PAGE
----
2. I guess it’s easy to be a denier when you’re willing to say anything, anything at all to support your case without any regard at all to whether it bears even a passing resemblance to factual accuracy.

    Yup, they aren’t waiting to be asked, they’re quite aware that they need to start putting their bigboy pants on and know darn well they don’t have the luxury of the Maurizio head in the sand approach.

    Ooops. If you’re going to say dumb shit, try to make it something that anyone with 20 seconds and a Google search can’t torpedo, Capn.

    And there is a meaningful way to calculate how much the loading has been, as Emmanuel notes–storm strength and water temp are quite directly correlated, and storm surge is quite directly correlated to storm strength and sea level.

    If you’re thinking you’re making a winning argument by saying “well we don’t know whether future storms will be really, really, really problematic, or whether they’ll be really really really really reallllllllllllllllllllllllllllllllllllllllllllllllllllllllllllly problematic”…there’s no helping you. Quite clearly the scientific community is saying “storms are going to be more dangerous and more powerful going forward”. The qualitative statement alone is enough to establish there’s a problem–and Emmanuel’s admission that the quantitative question remains open isn’t the same as saying there’s not a problem. Speaking of adulthood…recognizing as much is a sign of same.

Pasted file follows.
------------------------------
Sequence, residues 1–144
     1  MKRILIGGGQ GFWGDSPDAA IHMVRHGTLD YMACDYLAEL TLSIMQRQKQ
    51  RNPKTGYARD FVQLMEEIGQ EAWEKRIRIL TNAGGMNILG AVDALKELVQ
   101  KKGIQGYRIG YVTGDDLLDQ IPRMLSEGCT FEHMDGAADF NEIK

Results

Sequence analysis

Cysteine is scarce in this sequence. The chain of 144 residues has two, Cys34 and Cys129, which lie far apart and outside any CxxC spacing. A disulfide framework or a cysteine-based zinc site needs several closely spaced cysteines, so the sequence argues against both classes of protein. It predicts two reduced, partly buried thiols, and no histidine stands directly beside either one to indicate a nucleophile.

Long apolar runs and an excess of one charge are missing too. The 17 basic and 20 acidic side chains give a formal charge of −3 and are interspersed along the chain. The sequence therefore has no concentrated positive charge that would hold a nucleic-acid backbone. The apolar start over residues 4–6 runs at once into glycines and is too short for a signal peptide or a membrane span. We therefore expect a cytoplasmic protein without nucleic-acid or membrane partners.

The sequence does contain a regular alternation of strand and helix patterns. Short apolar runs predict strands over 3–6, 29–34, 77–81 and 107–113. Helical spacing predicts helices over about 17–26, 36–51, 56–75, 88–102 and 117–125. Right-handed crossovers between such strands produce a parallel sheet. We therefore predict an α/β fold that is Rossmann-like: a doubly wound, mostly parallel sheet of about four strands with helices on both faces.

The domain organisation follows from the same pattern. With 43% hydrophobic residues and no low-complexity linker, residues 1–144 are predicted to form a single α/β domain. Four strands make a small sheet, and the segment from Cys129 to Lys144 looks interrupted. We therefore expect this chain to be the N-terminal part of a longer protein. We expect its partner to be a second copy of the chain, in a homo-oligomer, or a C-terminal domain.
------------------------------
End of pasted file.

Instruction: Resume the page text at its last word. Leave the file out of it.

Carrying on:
3. Putting aside that reinsurers vs insurers is a BS distinction, he’s not even right about that. I have a comment awaiting moderation which includes a link where Swiss Re, AIG, etc discuss their concerns about climate.